Facebook IQ, the research arm of the social media giant, has released its first Annual Topics & Trends Report. Using Facebook’s conversation data from its two billion users, the report reveals the trends taking shape across business models, social norms and digital experiences.
1. Choice simplified
“Category disrupters that specialise in only a few products or designs – in some cases even just one – are thriving,” the social media giant says.
The report highlights Casper, a company shipping mattresses in a box. The one-size-fits-all model is spreading to many categories, including toothbrushes, meal replacements and even water filters. As consumers have become overwhelmed by limitless options online inducing decision fatigue, companies are achieving success by taking the pain out of consumers’ choices, Facebook IQ says.
2. Make it about me
“Personalised subscription-based business models are also on the rise. Monthly, weekly, even sometimes daily, people receive boxes of makeup, clothes and meal kits curated for them.”
Subscription models have taken off partly due to people’s wish to simplify decisions, but also because they cleverly play on the brain’s propensity to take pleasure from anticipation. A potential key to making the model work at scale will be personalisation of the product, according to Facebook IQ. “People might delight in not knowing what’s in the box – but they want to know they’ll like it,” the report states. Personalisation relies on businesses collecting data on the products shoppers browse, keep and return so that deliveries can be improved.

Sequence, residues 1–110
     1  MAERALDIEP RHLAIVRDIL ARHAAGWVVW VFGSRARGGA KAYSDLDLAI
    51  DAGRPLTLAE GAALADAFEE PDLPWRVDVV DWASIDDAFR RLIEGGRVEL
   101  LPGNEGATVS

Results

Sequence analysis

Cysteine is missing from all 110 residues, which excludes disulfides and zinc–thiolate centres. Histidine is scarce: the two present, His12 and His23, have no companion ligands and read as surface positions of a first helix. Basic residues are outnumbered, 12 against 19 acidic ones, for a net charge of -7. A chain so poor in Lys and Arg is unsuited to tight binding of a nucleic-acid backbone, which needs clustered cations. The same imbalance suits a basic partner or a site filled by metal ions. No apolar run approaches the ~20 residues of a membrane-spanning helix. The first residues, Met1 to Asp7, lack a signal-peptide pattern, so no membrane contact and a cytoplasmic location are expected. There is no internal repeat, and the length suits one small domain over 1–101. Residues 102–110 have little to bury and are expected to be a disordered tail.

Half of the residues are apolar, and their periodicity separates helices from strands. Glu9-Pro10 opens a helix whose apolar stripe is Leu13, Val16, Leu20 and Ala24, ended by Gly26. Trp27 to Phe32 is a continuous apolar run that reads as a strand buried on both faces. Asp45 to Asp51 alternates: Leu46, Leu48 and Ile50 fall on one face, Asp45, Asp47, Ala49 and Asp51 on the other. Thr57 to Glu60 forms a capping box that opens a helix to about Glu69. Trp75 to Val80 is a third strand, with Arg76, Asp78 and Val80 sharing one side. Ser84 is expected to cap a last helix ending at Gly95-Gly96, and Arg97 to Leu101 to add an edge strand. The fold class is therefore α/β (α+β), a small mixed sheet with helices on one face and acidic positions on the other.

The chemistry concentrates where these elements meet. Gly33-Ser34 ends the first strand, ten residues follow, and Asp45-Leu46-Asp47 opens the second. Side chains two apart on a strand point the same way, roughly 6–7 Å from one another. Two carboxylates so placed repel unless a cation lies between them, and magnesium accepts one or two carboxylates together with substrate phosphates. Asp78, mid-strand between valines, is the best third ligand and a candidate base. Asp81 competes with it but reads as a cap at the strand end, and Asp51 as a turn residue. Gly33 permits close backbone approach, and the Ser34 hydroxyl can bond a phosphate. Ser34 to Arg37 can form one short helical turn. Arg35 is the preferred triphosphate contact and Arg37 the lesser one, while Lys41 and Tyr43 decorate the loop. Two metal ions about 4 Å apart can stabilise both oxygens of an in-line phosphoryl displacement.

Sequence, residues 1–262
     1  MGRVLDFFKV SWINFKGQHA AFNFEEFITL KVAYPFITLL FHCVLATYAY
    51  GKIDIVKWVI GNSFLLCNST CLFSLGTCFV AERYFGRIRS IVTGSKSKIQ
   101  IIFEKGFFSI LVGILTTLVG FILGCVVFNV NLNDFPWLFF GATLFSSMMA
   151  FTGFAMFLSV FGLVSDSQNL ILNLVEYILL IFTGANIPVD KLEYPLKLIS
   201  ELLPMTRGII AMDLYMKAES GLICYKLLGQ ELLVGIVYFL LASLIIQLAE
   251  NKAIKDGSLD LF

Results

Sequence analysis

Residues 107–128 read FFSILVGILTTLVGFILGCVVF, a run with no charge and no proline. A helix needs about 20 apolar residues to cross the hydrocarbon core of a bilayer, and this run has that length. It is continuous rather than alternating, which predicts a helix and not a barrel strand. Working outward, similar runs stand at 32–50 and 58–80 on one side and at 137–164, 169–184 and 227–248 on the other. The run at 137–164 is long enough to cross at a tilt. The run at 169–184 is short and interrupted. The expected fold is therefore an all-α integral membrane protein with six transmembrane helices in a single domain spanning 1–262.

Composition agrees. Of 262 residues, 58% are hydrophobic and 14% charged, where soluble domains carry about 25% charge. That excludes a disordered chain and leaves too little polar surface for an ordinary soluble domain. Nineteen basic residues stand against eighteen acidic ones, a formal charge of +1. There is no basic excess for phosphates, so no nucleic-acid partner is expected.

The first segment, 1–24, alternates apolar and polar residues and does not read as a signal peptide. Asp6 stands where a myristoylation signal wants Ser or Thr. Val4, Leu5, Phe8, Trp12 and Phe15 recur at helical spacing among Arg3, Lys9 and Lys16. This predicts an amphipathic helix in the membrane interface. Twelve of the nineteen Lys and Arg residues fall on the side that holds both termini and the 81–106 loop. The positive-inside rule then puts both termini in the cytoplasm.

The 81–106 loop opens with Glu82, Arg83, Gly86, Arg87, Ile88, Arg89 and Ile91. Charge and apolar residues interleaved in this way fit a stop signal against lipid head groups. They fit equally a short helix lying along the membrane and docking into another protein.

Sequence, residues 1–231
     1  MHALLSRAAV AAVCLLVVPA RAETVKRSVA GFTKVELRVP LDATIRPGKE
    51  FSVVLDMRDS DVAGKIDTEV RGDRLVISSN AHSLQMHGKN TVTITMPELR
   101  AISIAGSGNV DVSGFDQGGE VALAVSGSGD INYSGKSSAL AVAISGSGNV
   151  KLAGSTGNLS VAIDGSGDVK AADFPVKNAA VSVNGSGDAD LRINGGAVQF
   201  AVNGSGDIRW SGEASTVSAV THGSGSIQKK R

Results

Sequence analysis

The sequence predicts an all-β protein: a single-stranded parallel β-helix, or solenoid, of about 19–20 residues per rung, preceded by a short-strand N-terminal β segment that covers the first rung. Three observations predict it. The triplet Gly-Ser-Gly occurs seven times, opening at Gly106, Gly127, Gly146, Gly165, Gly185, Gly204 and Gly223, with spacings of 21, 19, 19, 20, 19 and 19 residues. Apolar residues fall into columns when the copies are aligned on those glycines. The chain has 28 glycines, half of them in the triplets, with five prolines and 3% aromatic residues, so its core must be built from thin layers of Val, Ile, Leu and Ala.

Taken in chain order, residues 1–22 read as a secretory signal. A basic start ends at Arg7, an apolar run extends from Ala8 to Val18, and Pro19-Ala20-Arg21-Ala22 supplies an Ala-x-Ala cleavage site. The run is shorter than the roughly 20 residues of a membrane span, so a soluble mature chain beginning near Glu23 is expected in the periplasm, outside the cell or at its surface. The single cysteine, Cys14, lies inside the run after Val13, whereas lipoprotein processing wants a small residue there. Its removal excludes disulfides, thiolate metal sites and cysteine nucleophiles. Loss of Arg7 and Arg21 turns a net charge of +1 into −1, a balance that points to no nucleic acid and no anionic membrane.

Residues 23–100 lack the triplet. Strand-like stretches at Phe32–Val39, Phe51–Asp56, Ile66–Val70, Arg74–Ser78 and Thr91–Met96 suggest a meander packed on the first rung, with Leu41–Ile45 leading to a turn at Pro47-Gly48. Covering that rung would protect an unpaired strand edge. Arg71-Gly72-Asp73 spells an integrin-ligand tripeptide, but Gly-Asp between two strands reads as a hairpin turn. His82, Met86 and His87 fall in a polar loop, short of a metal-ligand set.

3. The rise of cryptocurrency
“Formerly in the domain of the dark web, digital currency made headlines in 2017 – and now appears poised for the mainstream,” Facebook IQ speculates. There was 146.9x growth in Facebook conversations about blockchain between January 2016 and October 2017, and 13.9x growth in conversations about cryptocurrency.
Initial Coin Offerings (ICOs) may legitimise cryptocurrency in the mainstream, the report states. In an ICO, investors can exchange digital “tokens” for services and products. However, the lack of regulation of the industry has so far limited its appeal to mainstream investors, it notes.